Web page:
By now most people are aware that the cloud is a bunch of computers that, while not literally in the sky, might as well be. Indeed, most people think of the cloud as simply the ability to store your files and run services through the internet. But those who really care about technology know that it's more than that: the giant server farms run by the likes of Google, Amazon, and Apple also provide countless services to companies as well as individuals. And they're in a race to become master of the cloud.
But before we get into that, let's talk about how the cloud works. The most famous analogy comes from cloud pioneer and Amazon CEO Jeff Bezos. When electricity first appeared, a manufacturing company had to build its own power plant to run it. Utilities came along and allowed these same companies to buy electricity by the meter. It made sense for everyone, Bezos pointed out, since if you're a manufacturing company, you shouldn't be in the electricity business, and it shouldn't have to be your job to do it. Let an electricity company do it, and it'll do so much better. It's the same with companies and computing. Large companies need armies of IT staffers and large server farms to run databases and other software they need to do their job. But they're not in the software business, and they shouldn't be. That's the cloud: Instead of having to build your own power plant to run your factory — instead of having to build your own computer infrastructure to, say, sell insurance, or cars, or whatever — you just plug into the grid.
But in a way, this undersells the transformative impact of the cloud. The cloud is all that, but it is also a new paradigm. If you have a bunch of machines that users run on a network, should the software run locally on the machines, or on hidden servers, with the machines being simply "dumb clients," meaning just screens and interfaces, with the actual computing happening elsewhere? The answer to this will depend on technology and economics. In the 1960s, the answer was self-evident: Computers were so large and so expensive that you could only have one big one, and smaller mainframes on which people would do their work, which would actually be done by the bigger mainframe somewhere else. Personal computers flipped that around, and now a number of factors, including the internet and the declining cost of servers, is flipping that back around again.
In that sense, the cloud is a general paradigm shift in how computing is done.
The reason why this matters is because it enables us to see where the cloud is headed next. When computing platforms evolve, it goes like this: First, the platform needs to get built out. And then, vertical applications are layered on top. The earliest personal computers didn't actually have much software on them, except basic things like programming languages (what got Microsoft started). Then specific applications came on top. The first "killer app" — a piece of software that suddenly justifies the expense of a new computing platform — was VisiCalc, an early spreadsheet application. Companies had paper accounting worksheets, where calculations had to be painstakingly made and rechecked by hand, and fixing errors was a nightmare. With a PC, you could plug in the numbers, and watch the results magically appear. Fix one entry, and the entire thing recalculates itself. Magic! All of a sudden a PC stopped being a hobbyist toy and became a money-saving business tool. The world was never the same again.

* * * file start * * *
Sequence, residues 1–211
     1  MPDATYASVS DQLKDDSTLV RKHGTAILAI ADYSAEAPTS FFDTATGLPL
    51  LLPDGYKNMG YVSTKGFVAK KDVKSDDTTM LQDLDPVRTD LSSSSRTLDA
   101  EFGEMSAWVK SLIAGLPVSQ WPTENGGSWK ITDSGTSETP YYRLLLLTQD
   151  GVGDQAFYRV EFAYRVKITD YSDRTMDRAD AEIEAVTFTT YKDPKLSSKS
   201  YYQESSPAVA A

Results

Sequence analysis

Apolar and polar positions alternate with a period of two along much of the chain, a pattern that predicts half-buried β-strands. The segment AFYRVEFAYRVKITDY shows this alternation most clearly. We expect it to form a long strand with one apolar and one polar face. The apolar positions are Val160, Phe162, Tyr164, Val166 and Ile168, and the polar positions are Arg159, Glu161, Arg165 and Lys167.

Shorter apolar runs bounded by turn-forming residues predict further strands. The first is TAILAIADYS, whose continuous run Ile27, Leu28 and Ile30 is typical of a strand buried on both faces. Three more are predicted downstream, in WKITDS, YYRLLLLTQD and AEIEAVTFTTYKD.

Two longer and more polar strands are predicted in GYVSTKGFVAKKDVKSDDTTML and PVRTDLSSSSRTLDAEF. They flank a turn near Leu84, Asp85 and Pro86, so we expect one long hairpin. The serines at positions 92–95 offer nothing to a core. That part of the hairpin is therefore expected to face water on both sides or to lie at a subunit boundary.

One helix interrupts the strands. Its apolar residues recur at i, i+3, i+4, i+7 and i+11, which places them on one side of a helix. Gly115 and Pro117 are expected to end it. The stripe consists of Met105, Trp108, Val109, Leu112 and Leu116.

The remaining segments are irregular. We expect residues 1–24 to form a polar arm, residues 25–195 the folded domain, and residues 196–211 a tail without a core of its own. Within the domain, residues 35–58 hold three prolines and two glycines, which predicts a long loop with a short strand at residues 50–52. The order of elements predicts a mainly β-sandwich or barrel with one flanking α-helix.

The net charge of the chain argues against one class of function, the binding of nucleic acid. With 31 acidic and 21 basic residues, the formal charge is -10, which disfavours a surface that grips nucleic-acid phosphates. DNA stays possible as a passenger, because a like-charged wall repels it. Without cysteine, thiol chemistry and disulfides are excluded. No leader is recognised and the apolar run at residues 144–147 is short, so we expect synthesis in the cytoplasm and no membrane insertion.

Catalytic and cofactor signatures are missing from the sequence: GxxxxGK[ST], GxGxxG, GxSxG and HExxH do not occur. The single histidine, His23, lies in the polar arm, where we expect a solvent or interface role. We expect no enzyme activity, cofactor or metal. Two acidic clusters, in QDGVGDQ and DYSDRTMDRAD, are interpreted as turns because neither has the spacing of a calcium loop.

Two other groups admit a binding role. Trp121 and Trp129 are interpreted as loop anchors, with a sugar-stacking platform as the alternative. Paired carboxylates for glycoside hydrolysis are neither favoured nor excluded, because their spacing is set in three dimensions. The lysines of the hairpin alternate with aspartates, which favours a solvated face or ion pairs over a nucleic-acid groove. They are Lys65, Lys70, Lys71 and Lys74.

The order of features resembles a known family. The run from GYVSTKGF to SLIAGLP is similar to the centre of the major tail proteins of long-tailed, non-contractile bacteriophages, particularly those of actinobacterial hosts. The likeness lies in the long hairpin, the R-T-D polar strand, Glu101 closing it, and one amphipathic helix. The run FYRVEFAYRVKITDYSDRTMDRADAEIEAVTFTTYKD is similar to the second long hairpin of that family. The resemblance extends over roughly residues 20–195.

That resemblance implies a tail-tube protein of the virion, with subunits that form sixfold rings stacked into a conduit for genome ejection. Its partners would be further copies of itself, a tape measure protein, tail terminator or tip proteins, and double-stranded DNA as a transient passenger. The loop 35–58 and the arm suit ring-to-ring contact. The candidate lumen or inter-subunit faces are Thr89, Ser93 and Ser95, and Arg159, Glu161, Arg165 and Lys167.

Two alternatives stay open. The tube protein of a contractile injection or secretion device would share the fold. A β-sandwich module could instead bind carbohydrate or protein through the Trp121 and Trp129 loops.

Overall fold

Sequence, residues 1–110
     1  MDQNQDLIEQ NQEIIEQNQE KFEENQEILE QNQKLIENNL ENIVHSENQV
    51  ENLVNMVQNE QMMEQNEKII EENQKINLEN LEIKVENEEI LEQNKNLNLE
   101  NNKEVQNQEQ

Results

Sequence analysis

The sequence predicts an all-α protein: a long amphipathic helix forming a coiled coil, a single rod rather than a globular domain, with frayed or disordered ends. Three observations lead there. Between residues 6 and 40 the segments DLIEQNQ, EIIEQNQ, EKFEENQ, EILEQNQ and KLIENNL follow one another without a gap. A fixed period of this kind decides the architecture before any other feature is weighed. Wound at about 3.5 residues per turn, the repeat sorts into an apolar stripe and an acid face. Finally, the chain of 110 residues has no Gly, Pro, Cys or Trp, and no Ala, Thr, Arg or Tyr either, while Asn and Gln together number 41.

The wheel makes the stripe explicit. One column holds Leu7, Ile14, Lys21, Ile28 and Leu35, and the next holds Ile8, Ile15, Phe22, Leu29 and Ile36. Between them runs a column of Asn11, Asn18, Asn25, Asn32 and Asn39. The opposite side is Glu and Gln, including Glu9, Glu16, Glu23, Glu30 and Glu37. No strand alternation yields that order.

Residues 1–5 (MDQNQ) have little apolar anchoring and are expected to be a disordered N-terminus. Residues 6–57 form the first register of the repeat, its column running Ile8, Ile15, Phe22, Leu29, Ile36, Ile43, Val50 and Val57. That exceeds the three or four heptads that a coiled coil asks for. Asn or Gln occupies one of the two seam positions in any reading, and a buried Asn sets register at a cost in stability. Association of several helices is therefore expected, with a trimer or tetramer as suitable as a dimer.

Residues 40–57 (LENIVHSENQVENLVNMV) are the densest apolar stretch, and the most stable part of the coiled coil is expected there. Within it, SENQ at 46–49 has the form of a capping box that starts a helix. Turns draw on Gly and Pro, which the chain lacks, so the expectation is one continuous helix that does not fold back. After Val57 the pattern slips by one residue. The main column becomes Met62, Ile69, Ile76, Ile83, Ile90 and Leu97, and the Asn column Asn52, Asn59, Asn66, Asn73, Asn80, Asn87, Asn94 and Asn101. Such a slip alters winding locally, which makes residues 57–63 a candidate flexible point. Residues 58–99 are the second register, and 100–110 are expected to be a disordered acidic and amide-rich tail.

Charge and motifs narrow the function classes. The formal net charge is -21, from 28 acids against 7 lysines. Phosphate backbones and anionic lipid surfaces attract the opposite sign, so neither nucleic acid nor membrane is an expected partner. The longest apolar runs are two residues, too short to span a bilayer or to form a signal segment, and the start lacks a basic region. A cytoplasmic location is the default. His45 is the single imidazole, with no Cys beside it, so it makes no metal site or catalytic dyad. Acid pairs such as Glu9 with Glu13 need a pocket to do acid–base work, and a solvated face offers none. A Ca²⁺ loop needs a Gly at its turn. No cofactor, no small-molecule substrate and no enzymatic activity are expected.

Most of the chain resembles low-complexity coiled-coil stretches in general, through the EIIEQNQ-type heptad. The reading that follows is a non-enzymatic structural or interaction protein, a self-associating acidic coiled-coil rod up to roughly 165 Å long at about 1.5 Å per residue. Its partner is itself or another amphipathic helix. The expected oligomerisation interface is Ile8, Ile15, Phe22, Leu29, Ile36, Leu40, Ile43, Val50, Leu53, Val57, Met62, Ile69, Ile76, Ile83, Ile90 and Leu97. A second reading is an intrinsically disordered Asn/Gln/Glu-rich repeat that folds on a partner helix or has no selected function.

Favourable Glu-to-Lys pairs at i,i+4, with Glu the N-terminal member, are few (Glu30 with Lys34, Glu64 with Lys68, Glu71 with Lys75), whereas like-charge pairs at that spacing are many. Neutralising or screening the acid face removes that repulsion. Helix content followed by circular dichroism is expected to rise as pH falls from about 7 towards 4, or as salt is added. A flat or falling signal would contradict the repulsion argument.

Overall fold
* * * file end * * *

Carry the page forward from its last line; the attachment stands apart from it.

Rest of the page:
Today, the cloud is basically a way to rent a virtual computer that lives on the internet. Since it is a new computing platform, we know the next step is applications on top of that that take advantage of what the cloud is.
I'm talking about AI.
Google, which trails behind Amazon on cloud computing, is hoping that combining its capable cloud offering with its AI expertise will reverse the tide. So if you upload photos to Google's cloud, it won't just store them for you, it'll tell you what's in them. (And, for example, if you're a social media app, filter out the nasty ones.) Other services include speech recognition, text analysis, translation, and so on. Of course, Amazon is not far behind with its own AI offering.
And it makes perfect sense. It's not just that machine learning is all the rage. It makes sense for the companies that want to use these services, since most of them can hardly build their own cloud and develop their own AI software. But it also makes even more sense for the companies that want to sell them. The more customers they have, the more data there is to train their algorithms, leading to a better service, leading to more consumers. This virtuous cycle, called a network effect, usually grinds competitors to dust. It might mean that only one company will become the master of the cloud.
And since the cloud is the new computing paradigm, that would make that company the master of computing. Place your bets.